Research Roundup 5 - Shitake

Shitake mushroom - food and immune booster

   Shitake mushrooms can be eaten dried or fresh. The dried form can be crumbled into soup or over a salad. They are a good source of B vitamins, selenium, and copper, as well as vitamin D2. These muchrooms have been found to have a lot of benefit for the immune system, as well as being a source of vitamin D. They have been used in Chinese medicine for thousands of years.

Even in a review study that cited no benefit in treating diseases, they noted that Shitake mushrooms contain powerful chemicals that can affect the immune system and the neurological system, and recommend further study. Many studies have shown their ability to increase number and effectiveness of immune cells. This includes people whose immune system was depressed from chemotherapy. One study showed that it increases activity of macrophages from bone marrow, which had been depressed by one form of chemotherapy. Another study showed that daily consumption of Shitake mushroom improved immunity in healthy individuals, too. It increased numbers of T cells, including Natural Killer cells, and at the same time decreased inflammatory markers. Chronic inflammation in general increases as animals and people age, and high levels of inflammation, measured by high levels of inflammatory markers, are associated with increased incidence of cancer as well as other chronic disease.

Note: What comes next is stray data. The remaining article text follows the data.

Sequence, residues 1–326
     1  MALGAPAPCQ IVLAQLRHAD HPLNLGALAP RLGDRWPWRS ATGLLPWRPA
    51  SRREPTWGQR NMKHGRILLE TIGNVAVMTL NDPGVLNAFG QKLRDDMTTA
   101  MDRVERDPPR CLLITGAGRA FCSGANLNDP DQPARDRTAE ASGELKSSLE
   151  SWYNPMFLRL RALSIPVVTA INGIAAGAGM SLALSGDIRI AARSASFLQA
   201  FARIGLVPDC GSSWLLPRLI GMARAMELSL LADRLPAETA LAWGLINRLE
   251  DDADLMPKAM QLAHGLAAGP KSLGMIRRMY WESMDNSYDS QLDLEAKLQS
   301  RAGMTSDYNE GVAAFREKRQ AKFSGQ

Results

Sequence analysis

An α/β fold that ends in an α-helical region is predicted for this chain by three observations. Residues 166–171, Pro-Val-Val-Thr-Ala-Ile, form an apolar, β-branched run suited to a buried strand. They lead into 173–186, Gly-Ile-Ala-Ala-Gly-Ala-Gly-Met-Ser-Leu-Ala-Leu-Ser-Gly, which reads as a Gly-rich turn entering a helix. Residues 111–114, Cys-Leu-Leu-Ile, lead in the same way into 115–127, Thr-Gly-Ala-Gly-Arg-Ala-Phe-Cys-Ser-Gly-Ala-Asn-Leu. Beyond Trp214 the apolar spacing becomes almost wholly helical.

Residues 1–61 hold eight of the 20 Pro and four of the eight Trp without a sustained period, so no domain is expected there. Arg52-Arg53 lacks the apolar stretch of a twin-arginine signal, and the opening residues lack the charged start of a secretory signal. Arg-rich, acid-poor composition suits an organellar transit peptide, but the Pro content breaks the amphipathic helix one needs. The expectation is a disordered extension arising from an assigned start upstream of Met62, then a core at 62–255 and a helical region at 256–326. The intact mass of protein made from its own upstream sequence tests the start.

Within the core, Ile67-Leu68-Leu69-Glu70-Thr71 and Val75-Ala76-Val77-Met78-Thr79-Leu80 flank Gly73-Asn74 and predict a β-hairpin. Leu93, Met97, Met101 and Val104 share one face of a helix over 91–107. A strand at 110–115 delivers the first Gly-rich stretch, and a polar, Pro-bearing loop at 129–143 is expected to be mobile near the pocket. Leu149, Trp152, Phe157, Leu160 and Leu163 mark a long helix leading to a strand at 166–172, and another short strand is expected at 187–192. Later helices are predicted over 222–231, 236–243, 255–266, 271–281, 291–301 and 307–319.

One type of chemical known as a polysaccharide decreases activity of cells which suppress the immune system. These cells are part of the normal checks and balances of the immune system, and having too few of them can cause autoimmune disease, when the body's immune system goes crazy, attacking the rest of the body. But Shitake mushrooms don't go that far - they just get these cells back under control.

Both fresh and dried mushrooms have these effects. You know those dried mushrooms in the back of your cupboard that you forgot about? A study showed that dried mushrooms that were 1 1/2 years old lost about 1/3 of their vitamin D content. But you can get that back, simply by exposing the dried mushrooms to sunlight or to ultraviolet light.

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